“Now the race to which I belong have no other means of obtaining a soul than by forming with an individual of your own the most intimate union of love. I am now possessed of a soul, and my soul thanks you, my best beloved, and never shall cease to thank you, if you do not render my whole future life miserable. For what will become of me, if you avoid and reject me? Still, I would not keep you as my own by artifice. And should you decide to cast me off, then do it now, and return alone to the shore. I will plunge into this brook, where my uncle will receive me; my uncle, who here in the forest, far removed from his other friends, passes his strange and solitary existence. But he is powerful, as well as revered and beloved by many great rivers; and as he brought me hither to the fisherman a light-hearted and laughing child, he will take me home to my parents a woman, gifted with a soul, with power to love and to suffer.”
She was about to add something more, when Huldbrand, with the most heartfelt tenderness and love, clasped her in his arms, and again bore her back to the shore. There, amid tears and kisses, he first swore never to forsake his affectionate wife, and esteemed himself even more happy than Pygmalion, for whom Venus gave life to his beautiful statue, and thus changed it into a beloved wife. Supported by his arm, and in the confidence of affection, Undine returned to the cottage; and now she first realized with her whole heart how little cause she had for regretting what she had left—the crystal palace of her mysterious father.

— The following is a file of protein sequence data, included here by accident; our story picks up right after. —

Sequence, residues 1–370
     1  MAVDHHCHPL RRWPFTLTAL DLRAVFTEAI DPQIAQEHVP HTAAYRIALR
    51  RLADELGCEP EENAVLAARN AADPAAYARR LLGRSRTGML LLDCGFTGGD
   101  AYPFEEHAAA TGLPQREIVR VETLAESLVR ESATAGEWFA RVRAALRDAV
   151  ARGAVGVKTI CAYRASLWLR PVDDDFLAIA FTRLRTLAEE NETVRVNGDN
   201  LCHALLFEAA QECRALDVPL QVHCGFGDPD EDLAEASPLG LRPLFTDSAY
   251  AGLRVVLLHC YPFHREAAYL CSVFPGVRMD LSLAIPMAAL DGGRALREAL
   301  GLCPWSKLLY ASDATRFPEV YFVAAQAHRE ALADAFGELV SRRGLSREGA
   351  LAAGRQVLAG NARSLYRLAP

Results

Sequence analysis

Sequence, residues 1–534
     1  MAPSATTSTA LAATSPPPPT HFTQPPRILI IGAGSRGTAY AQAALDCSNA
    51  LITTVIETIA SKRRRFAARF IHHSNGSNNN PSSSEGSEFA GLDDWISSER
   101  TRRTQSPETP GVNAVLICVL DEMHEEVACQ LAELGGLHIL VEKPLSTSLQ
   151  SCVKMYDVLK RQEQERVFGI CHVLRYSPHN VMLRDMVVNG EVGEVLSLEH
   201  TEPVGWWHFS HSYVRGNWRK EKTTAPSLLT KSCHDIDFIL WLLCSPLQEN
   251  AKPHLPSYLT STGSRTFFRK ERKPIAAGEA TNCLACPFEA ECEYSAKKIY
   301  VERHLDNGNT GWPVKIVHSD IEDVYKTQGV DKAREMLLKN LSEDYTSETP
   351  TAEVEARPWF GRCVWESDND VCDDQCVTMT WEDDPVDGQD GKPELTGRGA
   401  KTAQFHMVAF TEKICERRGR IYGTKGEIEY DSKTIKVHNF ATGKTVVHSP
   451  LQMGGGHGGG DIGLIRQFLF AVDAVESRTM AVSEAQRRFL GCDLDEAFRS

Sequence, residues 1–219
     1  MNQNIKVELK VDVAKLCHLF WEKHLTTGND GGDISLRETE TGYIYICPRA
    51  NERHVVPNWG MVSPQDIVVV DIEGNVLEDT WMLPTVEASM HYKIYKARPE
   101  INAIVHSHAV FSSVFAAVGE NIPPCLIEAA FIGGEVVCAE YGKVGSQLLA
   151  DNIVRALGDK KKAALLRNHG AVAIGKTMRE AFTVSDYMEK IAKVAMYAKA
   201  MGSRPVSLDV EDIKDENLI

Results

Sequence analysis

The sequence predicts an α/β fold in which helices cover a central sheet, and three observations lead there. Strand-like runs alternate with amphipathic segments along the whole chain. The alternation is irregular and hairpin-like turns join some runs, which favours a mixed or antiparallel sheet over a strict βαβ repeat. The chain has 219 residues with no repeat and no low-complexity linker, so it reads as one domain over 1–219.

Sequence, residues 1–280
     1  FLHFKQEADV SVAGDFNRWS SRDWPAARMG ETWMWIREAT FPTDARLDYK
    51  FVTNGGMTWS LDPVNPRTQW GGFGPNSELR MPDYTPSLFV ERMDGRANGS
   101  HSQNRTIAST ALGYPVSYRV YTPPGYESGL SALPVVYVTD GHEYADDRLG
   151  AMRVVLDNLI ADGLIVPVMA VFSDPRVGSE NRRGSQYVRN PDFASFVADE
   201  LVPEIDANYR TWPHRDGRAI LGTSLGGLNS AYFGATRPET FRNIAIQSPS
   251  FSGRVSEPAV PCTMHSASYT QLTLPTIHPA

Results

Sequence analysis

Next morning, when Huldbrand awoke from slumber, and perceived that his beautiful wife was not by his side, he began to give way again to his wild imaginations—that his marriage, and even the lovely Undine herself, were only shadows without substance—only mere illusions of enchantment. But she entered the door at the same moment, kissed him, seated herself on the bed by his side, and said:
“I have been out somewhat early this morning, to see whether my uncle keeps his word. He has already restored the waters of the flood to his own calm channel, and he now flows through the forest a rivulet as before, in a lonely and dreamlike current. His friends, too, both of the water and the air, have resumed their usual peaceful tenor; all will again proceed with order and tranquillity; and you can travel homeward, without fear of the flood, whenever you choose.”
It seemed to the mind of Huldbrand that he must be in some waking dream, so little was he able to understand the nature of his wife’s strange relative. Notwithstanding this he made no remark upon what she had told him, and her surpassing loveliness soon lulled every misgiving and discomfort to rest.
Some time afterwards, while he was standing with her before the door, and surveying the verdant point of land, with its boundary of bright waters, such a feeling of bliss came over him in this cradle of his love, that he exclaimed: